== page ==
Tampa Bay Center of Relational Psychology

The Impact of Your Partner’s Alcohol Abuse

Partner's Alcohol Abuse

Your partner’s alcohol abuse is a serious issue that affects not only the drinker but also their loved ones. When a partner abuses alcohol, it can have a significant impact on the relationship, family dynamics, and the mental and physical well-being of those involved. You may have concerns for yourself as well as your children and other family members. In this blog, we will explore the effects of living with a partner who abuses alcohol abuse and provide some helpful tips on how to cope with it.

What is alcohol abuse?

Alcohol abuse refers to excessive and harmful use of alcohol. It is a pattern of drinking that leads to significant impairment or distress. Alcohol abuse can range from mild to severe and can cause various physical, psychological, and social problems. There are a number of ways to determine if your partner is drinking excessively. Some common signs of alcohol abuse include:

  • Drinking alone or in secret
  • Drinking in the morning or at unusual times
  • Losing control over drinking
  • Neglecting responsibilities at home, work, or school
  • Continuously drinking despite negative consequences
  • Drinking to cope with stress or emotions
  • Experiencing withdrawal symptoms when not drinking
partner's alcohol abuse

Alcohol abuse or addiction can have a significant impact on your physical and mental health, relationships, and overall well-being. Here are some of the common ways alcohol abuse can affect you:

Emotional Impact of Your Partner’s Alcohol Abuse

Alcohol abuse can have a significant emotional impact on the partner of the addict. It is common for partners of alcoholics to feel a range of emotions, such as anger, sadness, anxiety, fear, and helplessness. You may feel angry at your partner’s inability to control their drinking, sad about the loss of the relationship you once had, anxious about what the future may hold, fearful about your partner’s safety, and helpless about how to help your partner overcome their addiction.

Partners of alcoholics may also experience emotional trauma, such as domestic violence or emotional abuse. Alcohol abuse can cause the addict to become irritable, aggressive, or emotionally volatile, leading to arguments and fights that can escalate into angry exchanges or violence. Living with an alcoholic spouse can have long-lasting emotional effects on the partner, leading to feelings of fear, anxiety, and low self-esteem.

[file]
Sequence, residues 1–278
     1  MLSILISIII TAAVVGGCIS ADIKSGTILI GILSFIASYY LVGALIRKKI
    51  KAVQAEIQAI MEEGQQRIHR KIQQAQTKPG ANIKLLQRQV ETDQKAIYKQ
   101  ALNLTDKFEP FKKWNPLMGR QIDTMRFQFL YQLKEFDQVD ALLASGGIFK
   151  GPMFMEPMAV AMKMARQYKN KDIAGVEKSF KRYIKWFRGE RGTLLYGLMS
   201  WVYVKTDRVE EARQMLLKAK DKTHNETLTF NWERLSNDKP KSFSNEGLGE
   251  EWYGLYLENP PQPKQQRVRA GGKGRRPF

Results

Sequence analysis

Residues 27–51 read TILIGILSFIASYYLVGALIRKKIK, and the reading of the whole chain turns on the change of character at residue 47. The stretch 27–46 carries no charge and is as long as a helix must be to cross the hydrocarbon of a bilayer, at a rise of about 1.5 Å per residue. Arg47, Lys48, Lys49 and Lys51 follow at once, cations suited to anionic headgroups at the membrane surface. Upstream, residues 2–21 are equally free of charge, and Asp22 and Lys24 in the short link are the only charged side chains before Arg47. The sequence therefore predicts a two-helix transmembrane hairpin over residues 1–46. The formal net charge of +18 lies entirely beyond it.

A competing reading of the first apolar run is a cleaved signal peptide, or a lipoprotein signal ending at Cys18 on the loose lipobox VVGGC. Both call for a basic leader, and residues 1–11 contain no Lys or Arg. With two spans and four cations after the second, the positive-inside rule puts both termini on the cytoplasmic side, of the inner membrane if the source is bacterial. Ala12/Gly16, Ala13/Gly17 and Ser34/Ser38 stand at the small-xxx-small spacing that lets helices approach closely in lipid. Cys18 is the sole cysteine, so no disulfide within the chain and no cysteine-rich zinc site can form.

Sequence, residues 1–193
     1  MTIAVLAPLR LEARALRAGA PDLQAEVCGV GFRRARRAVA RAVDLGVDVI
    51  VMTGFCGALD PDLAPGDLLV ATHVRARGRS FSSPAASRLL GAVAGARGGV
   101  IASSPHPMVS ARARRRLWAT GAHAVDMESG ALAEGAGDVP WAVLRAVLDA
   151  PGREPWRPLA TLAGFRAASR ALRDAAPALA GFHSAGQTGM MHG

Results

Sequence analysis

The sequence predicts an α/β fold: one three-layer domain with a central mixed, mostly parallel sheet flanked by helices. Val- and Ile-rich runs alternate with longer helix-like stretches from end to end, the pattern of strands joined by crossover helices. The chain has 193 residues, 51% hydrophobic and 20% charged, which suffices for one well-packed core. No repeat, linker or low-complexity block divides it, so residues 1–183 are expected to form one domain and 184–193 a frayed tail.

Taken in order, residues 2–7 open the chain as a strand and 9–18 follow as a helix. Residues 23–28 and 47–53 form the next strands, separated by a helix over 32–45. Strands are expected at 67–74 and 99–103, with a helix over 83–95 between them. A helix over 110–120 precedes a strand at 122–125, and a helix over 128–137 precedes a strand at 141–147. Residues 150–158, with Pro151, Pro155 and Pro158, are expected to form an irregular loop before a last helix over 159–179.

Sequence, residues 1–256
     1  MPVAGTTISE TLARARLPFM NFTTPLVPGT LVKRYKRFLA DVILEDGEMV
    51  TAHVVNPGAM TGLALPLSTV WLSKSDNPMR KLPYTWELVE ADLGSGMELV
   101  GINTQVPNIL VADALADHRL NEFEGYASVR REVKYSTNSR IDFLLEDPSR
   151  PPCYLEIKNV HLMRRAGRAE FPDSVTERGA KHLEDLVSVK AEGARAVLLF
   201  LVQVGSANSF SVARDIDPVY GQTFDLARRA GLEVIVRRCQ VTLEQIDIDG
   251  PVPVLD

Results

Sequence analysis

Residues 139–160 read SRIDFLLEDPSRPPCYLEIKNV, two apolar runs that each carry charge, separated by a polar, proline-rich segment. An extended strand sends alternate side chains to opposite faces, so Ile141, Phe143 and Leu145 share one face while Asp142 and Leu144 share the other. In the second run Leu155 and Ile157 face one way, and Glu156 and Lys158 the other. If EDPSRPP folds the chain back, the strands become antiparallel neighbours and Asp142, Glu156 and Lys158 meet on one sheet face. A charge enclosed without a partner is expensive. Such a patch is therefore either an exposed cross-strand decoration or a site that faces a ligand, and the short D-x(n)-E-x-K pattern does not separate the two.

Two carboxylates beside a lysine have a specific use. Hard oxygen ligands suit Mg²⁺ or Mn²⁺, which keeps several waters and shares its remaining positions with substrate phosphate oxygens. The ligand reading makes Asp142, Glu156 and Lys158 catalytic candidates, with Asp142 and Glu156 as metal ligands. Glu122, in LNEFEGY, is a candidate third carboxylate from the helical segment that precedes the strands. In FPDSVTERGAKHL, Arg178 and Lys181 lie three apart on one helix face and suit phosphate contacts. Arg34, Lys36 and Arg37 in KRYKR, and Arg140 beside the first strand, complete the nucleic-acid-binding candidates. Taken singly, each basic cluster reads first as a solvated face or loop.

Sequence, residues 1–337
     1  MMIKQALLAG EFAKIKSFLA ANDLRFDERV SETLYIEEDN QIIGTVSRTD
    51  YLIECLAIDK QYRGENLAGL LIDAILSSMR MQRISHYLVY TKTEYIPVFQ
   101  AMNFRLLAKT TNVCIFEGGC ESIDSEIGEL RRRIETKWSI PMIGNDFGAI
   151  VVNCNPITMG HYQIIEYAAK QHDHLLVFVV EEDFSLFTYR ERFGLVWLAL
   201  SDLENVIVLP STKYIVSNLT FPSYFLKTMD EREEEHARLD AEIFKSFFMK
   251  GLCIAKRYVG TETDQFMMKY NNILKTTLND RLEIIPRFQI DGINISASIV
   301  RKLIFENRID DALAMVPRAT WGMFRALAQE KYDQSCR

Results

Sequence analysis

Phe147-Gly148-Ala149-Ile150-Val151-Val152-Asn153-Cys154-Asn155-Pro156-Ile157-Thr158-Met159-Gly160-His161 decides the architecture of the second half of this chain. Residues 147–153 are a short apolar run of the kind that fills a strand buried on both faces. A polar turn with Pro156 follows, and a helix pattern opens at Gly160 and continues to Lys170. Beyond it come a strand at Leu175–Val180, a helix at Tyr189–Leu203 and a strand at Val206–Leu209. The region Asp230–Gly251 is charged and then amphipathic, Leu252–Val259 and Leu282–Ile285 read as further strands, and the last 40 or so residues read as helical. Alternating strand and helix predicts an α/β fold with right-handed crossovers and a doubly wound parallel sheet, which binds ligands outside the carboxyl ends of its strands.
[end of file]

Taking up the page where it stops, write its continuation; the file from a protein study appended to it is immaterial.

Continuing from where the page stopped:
Psychological Impact of Your Partner’s Alcohol Abuse

Alcohol abuse can also have a psychological impact on you. The constant stress of living with an alcoholic partner can cause mental health problems such as depression, anxiety, and post-traumatic stress disorder (PTSD) to develop. You may also struggle with feelings of guilt, shame, and self-blame, believing that you are responsible for your partner’s addiction.

The psychological impact of alcohol abuse can also affect the partner’s ability to cope with their own problems. You may become overwhelmed and find it difficult to manage your own emotions and responsibilities, leading to feelings of helplessness and isolation.

Social Impact of Your Partner’s Alcohol Abuse

Alcohol abuse can have a social impact on the partner of the addict. You may become isolated from friends and family, particularly if you feel embarrassed or ashamed about your partner’s behavior. You may also feel like you have to cover up for your partner’s drinking or make excuses for their behavior, leading to barriers or a breakdown in relationships with others.